Aerial view of BidiBidi refugee settlement
By: Kakembo Ali
Uganda has experienced an influx of people in recent years coming from neighboring countries escaping conflict and famine, doubling the East African country’s refugee population to an estimated 1.4 million refugees: the third largest in the world..
Violent conflicts in South Sudan from 2013 to 2016 forced close to a million South Sudanese to flee to Uganda, building up the country’s largest refugee settlement called Bidibidi that is located in Yumbe District in the northwestern West Nile region. According to UNHCR, the United Nations High Commissioner for Refugees, 86 percent of these refugees are women and children, with children making up more than 60 percent of all refugees.
Despite some negative stereotypes about refugees, this refugee presence has positively impacted northwestern Uganda’s socioeconomic development and the delivery of social services to the host community,including water and sanitation, waste management, health care and education through the Ugandan government and humanitarian actors.
Landlords give hope to refugee farmers in BidiBidi settlement
The Bidibidi settlement is composed primarily of underutilized “hunting grounds” :low, rolling hills and mostly rocky soil. Bidibidi is divided into five zones, which are subdivided into clusters and further split into individual villages surrounded by the Ugandan host community villages.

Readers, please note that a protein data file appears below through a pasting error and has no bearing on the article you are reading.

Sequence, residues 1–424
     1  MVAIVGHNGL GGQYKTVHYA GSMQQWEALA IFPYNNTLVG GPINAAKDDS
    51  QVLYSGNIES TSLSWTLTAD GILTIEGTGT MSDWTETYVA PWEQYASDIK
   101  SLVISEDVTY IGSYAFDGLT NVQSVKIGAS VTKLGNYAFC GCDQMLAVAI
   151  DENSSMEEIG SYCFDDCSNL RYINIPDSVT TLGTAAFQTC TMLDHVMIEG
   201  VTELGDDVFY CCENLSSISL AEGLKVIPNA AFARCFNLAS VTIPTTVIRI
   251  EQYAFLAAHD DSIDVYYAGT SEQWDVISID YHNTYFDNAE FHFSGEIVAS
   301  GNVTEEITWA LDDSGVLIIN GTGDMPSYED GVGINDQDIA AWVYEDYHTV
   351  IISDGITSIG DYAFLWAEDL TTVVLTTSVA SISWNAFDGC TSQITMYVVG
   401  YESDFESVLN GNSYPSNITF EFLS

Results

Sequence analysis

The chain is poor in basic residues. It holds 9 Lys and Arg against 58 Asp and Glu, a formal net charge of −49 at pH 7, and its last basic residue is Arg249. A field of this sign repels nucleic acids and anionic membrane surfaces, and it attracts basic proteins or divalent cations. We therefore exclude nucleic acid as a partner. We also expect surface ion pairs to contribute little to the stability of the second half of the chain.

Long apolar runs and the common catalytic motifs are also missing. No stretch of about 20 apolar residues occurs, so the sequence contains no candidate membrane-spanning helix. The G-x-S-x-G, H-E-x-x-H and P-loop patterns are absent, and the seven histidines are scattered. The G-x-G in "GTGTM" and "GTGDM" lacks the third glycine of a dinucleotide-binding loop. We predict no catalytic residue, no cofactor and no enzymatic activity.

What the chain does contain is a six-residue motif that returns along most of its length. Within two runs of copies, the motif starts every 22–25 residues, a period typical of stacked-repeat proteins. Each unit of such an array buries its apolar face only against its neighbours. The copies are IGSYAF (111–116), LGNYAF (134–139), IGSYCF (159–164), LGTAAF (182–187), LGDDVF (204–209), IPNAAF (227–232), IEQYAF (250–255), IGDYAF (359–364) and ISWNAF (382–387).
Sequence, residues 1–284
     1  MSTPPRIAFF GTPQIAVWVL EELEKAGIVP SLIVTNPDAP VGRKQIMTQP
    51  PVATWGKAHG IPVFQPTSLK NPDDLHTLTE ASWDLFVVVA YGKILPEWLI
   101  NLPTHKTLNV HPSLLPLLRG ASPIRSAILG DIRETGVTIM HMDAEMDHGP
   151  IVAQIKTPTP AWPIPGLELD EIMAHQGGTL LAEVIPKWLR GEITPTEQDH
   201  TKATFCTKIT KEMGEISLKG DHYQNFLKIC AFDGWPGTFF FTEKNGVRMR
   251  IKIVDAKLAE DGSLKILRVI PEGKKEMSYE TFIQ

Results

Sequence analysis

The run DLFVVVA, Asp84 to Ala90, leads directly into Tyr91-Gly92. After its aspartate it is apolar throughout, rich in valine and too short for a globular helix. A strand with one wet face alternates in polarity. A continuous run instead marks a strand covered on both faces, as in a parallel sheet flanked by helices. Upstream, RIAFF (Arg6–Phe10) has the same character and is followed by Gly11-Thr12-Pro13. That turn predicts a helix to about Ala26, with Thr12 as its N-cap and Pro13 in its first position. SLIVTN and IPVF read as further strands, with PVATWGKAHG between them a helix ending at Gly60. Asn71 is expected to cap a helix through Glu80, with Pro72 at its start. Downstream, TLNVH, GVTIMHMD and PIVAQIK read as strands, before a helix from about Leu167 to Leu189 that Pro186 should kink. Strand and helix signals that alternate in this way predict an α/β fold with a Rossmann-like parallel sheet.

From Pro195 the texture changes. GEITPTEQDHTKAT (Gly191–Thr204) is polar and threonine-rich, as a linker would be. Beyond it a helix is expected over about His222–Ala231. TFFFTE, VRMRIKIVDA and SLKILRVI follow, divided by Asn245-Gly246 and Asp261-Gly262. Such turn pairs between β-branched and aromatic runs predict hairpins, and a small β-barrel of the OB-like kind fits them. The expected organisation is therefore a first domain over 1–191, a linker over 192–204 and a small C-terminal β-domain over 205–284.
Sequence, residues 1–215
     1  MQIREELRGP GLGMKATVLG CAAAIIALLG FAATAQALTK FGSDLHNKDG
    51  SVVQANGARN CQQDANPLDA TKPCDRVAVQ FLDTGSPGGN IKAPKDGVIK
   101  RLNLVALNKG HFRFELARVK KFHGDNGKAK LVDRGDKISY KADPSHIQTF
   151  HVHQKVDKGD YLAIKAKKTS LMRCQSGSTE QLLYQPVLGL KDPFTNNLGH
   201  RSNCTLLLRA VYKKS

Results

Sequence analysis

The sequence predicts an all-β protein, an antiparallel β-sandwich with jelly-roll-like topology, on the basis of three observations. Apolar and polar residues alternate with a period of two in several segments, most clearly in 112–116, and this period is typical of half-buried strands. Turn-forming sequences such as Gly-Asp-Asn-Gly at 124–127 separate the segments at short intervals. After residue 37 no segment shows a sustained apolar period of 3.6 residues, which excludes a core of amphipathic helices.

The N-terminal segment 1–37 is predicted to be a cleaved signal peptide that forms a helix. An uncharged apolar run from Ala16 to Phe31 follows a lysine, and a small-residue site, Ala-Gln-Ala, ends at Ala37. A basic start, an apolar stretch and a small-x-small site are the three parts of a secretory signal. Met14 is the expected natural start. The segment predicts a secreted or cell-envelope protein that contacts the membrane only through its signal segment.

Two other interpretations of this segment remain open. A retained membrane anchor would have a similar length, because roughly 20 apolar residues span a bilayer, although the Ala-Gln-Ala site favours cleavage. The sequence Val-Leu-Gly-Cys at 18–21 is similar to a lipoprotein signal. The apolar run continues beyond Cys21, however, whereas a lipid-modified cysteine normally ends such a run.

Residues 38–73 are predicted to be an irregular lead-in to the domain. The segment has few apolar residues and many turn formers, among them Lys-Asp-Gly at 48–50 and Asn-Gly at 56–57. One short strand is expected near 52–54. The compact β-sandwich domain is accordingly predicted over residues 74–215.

In the settlement, refugees live next to Ugandans, fetch water together and send their children to the same schools, which has improved their coexistence irrespective of their different origins and cultures.
Under the country’s generous refugee policy, refugees are entitled to work, move freely and access the same social services as Ugandan citizens, an effort to ensure they live sustainably and contribute to the Ugandan economy.
In Bidibidi, refugee households are also given a 30-meter-squared plot of land by the Ugandan government under the Office of the Prime Minister to cultivate and build a home. Still, many refugees complained that this was not enough for supporting agricultural activities. To fill this gap, some Ugandans who own private land have also chosen to give part of it to the refugees and share the profits.
One such landlord is the 81-year-old Atuma Brian who said his generosity toward the refugees came from his past experiences of being a refugee himself.
“I gave out my land with the aim of developing this area, but even before that, I was once I refugee in South Sudan in 1985, and the locals there treated me well,” Atuma said.
Though Atuma Brian was unsure of the exact size of his land, he said that it sits on three villages and a good number of refugees are cultivating on the land.
Near Atuma’s home was a garden managed by42-year-old Ismail Taban, a refugee from South Sudan who was preparing a piece of land for the planting season.
This one is really my best colleague who welcomes all the refugees,” Taban said.“If you have an intention that you want to work for yourself, then he will give you a portion so that you can cultivate, and this makes me feel at home.
People like Atumawho have chosen to give land to the refugees have instilled hope for their refugee neighbors to gain a sustainable livelihood.Taban, who plans to plant cassava and simsim,hopes to sell his produce after harvesting to buy a goat.
“If I sell these things, I will buy a goat if I will be going back to South Sudan.Maybe I will go with that goat such that it will help me when I will be buying food,” Taban said.
BidiBidi refugees not a burden but benefit to the host community in Yumbe
Yumbe town is the central business center neighboring BidiBidi refugee settlement where many humanitarian organizations have their offices.Several long-term residents of Yumbe District testified that the coming of the South Sudanese refugees had helped develop the economic and social services of the area through the increased population and humanitarian funding.